Had I known my brother was afraid of sand, I never would have agreed to go to Hawaii with him. Really, why would someone afraid of sand come to Oahu two or three times a year? Where do you think they keep the sand? “It’s not really the sand,” he protests when I finally insist we stop at the curved shoreline of Kailua Beach. “I just don’t like all that sun.” Yet, at the edge of the parking lot, he holds his shoes like shields to protect him from the evil beach, and in under five minutes — still remarkably pasty- white and with no dread grains clinging to his toes — he’s back in the car, aimed for the sand-free pali. And I have no choice but to join him or hitchhike. Then he springs the trip’s second surprise: My big brother has been making all these Hawaii trips because he has taken it upon himself to become a master ukulele maker. Yes, ukuleles. Guitars that chain smoked when young, and so grew up stunted. A tiny step away from kite strings run across a shoebox. The Rodney Dangerfield of the musical world. Those ukuleles.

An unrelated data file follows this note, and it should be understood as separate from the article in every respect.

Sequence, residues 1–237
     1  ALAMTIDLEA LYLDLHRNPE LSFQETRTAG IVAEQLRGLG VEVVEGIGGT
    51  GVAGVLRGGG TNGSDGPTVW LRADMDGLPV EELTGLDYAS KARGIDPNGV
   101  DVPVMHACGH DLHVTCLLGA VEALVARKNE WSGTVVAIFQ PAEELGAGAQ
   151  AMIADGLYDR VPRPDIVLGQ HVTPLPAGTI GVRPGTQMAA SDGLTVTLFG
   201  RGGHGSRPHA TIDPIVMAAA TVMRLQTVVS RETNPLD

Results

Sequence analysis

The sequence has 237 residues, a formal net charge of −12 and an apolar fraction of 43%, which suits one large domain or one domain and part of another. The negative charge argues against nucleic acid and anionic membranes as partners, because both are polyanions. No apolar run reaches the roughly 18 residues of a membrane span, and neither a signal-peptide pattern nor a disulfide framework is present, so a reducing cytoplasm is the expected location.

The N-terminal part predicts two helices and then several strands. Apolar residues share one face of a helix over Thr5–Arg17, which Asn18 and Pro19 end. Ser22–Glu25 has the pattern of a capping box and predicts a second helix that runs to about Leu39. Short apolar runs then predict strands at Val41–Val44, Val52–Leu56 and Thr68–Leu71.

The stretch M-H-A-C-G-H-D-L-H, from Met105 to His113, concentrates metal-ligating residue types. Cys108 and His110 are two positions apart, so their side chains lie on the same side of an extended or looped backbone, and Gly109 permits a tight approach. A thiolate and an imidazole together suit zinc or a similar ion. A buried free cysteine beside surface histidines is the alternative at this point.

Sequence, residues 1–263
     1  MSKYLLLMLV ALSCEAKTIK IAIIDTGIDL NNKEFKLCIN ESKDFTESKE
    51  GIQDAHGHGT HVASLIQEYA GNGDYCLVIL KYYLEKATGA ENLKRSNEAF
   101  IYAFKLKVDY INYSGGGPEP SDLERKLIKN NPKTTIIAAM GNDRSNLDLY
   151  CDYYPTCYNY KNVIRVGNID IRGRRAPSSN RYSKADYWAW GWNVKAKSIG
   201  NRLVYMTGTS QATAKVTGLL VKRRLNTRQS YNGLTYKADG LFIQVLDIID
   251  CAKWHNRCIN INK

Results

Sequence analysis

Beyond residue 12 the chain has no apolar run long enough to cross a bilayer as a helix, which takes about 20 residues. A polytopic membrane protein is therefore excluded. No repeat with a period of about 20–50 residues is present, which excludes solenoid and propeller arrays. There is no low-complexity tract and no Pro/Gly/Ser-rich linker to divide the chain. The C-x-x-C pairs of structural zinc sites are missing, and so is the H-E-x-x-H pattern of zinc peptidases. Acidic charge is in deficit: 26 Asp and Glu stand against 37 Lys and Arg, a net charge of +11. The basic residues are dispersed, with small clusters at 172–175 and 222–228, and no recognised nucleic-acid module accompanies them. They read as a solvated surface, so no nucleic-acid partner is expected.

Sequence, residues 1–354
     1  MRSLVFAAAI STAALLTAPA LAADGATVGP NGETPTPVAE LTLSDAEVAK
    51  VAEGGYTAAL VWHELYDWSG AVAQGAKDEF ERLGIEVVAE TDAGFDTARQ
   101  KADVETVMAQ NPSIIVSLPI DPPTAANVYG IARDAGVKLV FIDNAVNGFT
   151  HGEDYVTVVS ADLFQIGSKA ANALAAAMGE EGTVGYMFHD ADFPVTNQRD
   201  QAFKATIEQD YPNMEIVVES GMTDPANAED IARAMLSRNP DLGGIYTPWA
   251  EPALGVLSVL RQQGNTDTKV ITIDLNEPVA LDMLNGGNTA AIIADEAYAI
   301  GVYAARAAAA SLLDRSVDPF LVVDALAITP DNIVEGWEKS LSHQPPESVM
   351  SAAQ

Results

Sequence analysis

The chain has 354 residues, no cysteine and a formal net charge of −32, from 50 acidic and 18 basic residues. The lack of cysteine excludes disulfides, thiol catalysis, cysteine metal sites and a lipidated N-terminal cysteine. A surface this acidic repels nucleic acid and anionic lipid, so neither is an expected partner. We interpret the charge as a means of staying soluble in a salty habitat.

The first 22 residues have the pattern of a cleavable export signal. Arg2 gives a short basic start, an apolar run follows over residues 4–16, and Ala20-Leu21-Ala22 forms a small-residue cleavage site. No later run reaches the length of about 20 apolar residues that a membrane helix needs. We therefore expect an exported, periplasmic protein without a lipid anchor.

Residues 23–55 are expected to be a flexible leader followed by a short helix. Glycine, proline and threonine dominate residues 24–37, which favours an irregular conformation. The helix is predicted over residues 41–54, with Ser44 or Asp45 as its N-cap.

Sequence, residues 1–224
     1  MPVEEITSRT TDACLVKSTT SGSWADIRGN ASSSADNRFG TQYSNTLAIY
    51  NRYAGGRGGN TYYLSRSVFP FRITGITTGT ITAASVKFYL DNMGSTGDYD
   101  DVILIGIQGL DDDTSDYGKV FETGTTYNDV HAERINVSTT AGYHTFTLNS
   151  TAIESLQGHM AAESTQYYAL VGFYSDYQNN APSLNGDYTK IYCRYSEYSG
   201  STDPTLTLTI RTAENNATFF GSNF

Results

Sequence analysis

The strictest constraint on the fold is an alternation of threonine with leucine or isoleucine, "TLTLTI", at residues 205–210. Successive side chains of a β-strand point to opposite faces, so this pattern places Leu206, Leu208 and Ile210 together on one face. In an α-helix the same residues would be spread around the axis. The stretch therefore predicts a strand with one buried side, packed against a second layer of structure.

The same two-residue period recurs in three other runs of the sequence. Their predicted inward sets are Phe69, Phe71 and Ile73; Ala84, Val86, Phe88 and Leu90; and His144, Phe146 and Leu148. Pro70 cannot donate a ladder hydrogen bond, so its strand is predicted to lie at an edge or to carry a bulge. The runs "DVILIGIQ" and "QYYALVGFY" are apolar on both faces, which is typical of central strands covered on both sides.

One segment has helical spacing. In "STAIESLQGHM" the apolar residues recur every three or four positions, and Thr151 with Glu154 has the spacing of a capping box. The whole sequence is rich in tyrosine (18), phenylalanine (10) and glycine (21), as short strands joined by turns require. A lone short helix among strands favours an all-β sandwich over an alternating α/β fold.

OK, I admit, when you think about the islands, you think Spam, coconut tanning lotion — and ukuleles. The ukulele, says Brittni Paiva, who won her first award from the Hawaii Academy of Recording Arts at age 15, “is one of those things you associate with a place. It will always be distinctly Hawaiian.”
That’s because the ukulele is the center of Hawaiian traditional music. Sort of. Depends on how you define traditional. The instrument — locals just call it the uke (pronounced “ook”; the correct pronunciation of the whole thing is “oo-koo-LAY-lay”) — has only been around since the late 1800s, a local adaptation of four-string mini guitars brought to the islands by Portuguese cowboys. A couple changes — different tuning, some body modifications — and the uke was born. Exactly how quickly it caught on can be illustrated by a single fact: Back in the 1890s, Queen Liliuokalani herself, Hawaii’s last reigning queen, composed what was likely the first great ukulele hit, called “Aloha Oe.”
The mainland had a brief ukulele craze around World War I, but the instrument quickly faded away again until the 1950s. That’s when Arthur Godfrey started playing ukes in his television show. “If a kid has an uke in his hands,” Godfrey said, “he’s not going to get into much trouble,” cleverly leaving out the fact that other kids would probably beat him up.